August 20th, 2016
Our book today is a pretty little gem unearthed from the bargain carts of my beloved Brattle Bookshop: the 1917 classic Birds Worth Knowing by the American author who wrote under the pen name Neltje Blanchan. This particular edition was issued in 1923 as part of the Little Nature Library put out by Doubleday, and it draws from the many bird-books its author wrote during her busy career as a popular nature-writer, bird-books like Bird Neighbors, Birds That Hunt and Are Hunted, and Birds Every Child Should Know. And as an added bonus, the whole thing is illustrated with charming bird-drawings in full color.
Neltje Blanchan’s narration in all of her books is a fruity mixture of kindly condescension and Edwardian moral certainties – it’s the kind of prose PG Wodehouse so perfectly mimicked in My Man Jeeves, when Jeeves undertakes the writing of a book very similar to Birds Worth Knowing, a treacly-cheerful children’s version of Alexander Worple’s American Birds. These books, with their complacent platitudes in which the animal kingdom is just a dumbshow reflection of the human world, once abounded in bookstores. All such books tended to be written in a lovely prose line, and Blanchan’s are in many ways the best of the type.
She tours her readers through a few dozen of the most colorful and charismatic American birds, from bluebirds and chickadees to catbirds and warblers. The whippoorwill, the woodpecker, the kingfisher, the loon, the shrike, the screech owl, the crow, the blue jay … these and many more emblematic birds are given evocative profiles, and there are verdicts as well, as in the case of the Cooper’s Hawk:
Here is no ally of the farmer, but his foe, the most bold of his robbers, a bloodthristy villain that lives by plundering poultry yards, and tearing the warm fresh from the breasts of game and song birds, one of the few members of his generally useful tribe that deserves the punishment ignorantly meted out to his innocent relatives.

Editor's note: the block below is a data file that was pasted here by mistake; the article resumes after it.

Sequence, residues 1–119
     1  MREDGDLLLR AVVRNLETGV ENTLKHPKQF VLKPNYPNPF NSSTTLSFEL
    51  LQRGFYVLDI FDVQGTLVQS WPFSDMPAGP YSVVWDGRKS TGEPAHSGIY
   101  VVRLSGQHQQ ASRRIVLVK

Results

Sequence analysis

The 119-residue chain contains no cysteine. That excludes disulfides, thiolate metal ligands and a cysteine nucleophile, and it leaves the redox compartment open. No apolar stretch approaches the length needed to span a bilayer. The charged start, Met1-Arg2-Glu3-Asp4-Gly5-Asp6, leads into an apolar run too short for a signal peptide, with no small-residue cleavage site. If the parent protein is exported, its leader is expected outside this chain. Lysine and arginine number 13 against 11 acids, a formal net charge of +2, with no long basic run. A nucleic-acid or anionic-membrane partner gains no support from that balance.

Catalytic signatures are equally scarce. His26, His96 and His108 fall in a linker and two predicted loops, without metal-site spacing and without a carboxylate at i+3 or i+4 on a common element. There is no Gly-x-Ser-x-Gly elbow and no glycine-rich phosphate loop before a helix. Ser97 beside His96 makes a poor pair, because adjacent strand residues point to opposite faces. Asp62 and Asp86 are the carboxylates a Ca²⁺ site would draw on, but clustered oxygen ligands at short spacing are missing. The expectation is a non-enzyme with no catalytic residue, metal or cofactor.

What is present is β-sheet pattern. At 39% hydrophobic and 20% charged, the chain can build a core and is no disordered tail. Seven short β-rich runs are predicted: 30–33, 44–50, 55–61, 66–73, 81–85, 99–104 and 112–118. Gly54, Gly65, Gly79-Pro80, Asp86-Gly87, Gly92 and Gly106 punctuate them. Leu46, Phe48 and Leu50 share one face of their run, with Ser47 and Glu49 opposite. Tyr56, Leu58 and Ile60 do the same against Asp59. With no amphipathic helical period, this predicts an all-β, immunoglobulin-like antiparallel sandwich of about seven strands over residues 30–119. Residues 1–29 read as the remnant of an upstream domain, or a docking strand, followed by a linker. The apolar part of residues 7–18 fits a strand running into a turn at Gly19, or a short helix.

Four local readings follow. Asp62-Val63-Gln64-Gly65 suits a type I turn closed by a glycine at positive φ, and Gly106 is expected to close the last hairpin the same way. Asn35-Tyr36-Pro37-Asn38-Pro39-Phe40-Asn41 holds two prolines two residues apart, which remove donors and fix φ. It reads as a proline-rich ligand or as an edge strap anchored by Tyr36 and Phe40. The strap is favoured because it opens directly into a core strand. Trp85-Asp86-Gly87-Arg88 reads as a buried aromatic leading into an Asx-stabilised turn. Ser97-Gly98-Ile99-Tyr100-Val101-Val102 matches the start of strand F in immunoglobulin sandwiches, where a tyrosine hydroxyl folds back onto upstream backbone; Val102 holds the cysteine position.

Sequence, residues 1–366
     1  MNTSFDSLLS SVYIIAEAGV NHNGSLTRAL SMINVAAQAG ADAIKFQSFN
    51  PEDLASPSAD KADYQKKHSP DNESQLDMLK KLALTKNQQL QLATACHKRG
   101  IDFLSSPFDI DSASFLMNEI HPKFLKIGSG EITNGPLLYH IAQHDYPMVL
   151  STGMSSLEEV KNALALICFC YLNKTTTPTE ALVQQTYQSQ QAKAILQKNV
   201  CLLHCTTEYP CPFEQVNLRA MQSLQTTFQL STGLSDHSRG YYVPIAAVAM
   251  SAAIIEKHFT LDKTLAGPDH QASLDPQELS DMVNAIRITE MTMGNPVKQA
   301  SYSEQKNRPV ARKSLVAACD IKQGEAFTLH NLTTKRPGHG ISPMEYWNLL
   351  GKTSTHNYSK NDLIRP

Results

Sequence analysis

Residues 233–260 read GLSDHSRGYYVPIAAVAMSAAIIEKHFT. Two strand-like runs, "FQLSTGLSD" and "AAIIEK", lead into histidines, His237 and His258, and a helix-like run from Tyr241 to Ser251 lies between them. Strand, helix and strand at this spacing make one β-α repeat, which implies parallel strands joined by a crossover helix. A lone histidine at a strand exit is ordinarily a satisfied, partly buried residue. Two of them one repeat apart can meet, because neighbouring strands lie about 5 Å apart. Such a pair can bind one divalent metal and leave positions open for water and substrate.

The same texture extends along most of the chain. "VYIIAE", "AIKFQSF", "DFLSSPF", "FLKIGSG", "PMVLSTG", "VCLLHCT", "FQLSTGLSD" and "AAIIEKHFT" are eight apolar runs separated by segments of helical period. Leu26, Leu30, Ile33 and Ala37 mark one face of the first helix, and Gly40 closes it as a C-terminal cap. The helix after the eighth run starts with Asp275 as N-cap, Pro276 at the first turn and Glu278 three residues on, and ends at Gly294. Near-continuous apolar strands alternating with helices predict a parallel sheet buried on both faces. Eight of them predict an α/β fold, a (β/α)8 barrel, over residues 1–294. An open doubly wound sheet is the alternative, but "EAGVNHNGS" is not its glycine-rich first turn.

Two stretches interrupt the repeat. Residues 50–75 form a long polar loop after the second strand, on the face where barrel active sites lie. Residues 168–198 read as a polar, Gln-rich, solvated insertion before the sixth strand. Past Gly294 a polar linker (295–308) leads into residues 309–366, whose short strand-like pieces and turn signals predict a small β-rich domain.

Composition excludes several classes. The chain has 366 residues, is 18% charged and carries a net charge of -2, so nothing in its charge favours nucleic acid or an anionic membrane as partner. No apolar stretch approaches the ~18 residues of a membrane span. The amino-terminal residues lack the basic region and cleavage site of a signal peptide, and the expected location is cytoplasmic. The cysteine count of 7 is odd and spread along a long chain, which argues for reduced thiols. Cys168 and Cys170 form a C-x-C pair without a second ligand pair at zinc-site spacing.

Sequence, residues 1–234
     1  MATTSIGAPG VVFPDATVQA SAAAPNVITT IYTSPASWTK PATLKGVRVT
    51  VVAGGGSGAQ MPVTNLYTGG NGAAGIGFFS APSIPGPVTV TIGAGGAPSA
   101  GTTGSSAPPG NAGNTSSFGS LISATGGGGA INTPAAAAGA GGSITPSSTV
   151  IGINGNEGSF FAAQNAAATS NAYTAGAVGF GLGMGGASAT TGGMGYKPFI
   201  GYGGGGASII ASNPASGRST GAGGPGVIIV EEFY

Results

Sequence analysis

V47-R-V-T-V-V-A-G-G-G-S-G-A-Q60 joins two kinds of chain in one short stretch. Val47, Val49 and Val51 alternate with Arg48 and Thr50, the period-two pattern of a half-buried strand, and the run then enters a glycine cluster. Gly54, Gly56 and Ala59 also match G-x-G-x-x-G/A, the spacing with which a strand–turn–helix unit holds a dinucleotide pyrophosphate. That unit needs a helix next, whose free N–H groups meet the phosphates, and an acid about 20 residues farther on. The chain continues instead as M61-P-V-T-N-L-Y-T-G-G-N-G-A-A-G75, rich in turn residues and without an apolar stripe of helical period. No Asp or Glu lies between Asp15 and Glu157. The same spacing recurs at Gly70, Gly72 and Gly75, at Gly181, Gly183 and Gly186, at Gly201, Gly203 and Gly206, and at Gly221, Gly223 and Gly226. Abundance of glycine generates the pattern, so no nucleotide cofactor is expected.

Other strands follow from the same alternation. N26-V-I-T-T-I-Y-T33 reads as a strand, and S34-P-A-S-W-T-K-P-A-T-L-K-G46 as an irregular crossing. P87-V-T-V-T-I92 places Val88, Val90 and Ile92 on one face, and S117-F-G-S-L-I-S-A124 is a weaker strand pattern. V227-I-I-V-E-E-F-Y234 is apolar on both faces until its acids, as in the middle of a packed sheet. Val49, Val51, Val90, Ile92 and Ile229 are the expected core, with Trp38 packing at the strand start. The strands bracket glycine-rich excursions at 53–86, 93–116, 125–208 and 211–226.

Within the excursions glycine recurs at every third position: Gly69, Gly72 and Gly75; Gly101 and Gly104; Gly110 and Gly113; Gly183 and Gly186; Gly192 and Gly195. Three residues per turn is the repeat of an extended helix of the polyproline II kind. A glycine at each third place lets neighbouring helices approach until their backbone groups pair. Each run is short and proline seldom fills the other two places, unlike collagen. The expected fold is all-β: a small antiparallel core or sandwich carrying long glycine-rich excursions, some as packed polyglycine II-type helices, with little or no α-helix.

This book, like all of its source books, is liberally studded with instructions as well, instructions aimed at the then-burgeoning industry of amateur bird-watching. The suburbs were growing exponentially while Blanchan’s books were selling briskly in city bookstores, so there are tips for those new semi-rural enthusiasts:
Perhaps no one thing attracts so many birds about the house as a drinking dish – large enough for a bathtub as well, for birds are not squeamish and certainly no bird delights in the sprinkling of water over his back more than a robin, often aided in his ablutions by the spattering of other bathers. But see to it that this drinking-dish is well raised above the reach of lurking cats.
And what of that most vilified of all standard American birds? Mercifully, our author has a broad mind:
When it came to a verdict on the English sparrow, after the most thorough and impartial trial any bird ever received, every thumb, alas! Was turned down. But having proven itself fittest to survive in the struggle for existence after ages of competition with the birds of the Old World, being obedient to nature’s greatest law, it will defy man’s legislation to exterminate it. Toilers in our overpopulated cities, children of the slums, see at least one bird that is not afraid to live among them the year round … Like the poor, sparrows are always with us. A forced familiarity with mischief-making members of the class has bred contempt for them, even among many bird lovers.
The book’s illustrations are blurry, bygone-delightful things, complete with the usual gestures at locational signals – a marsh for the marsh birds, a twilit barn in the background of a Barn Owl, riotous foliage for the bright warblers, snow falling around the chickadees – and the combined effect is the creation of a world of such innocent wonder that it’s easy to understand why Neltje Blanchan was such a popular author. Even now, finding this book a full century after it first appeared, in a world that’s no longer innocent and whose bird-books now bristle with scientific specifics, it’s easy to fall under the spell again.
August 18th, 2016
Our book today is surely one of the all-time classics of the Ink Chorus: Claud Cockburn’s 1972, er, bestseller Bestseller, in which our author subjects a dozen bygone bestselling novels to a forensic examination that’s both erudite and often hilarious, biting but also oddly sympathetic. He takes a tour through some of the bestselling novels in England from 1900 to 1939, taking advantage of the passage of time to see some reading standards of the previous generation with a more clinical eye, and although the entire book is absolutely invigorating, by far its most enjoyable aspect is also a bit surprising: Cockburn respects the phenomenon of the bestseller itself. It’s true that he liberally spreads snarky aspersions on the books he’s examining, but he doesn’t for a single paragraph seem to doubt the validity of examining them in the first place, not only as works of (admittedly often wretched) prose but also as invaluable bellwethers: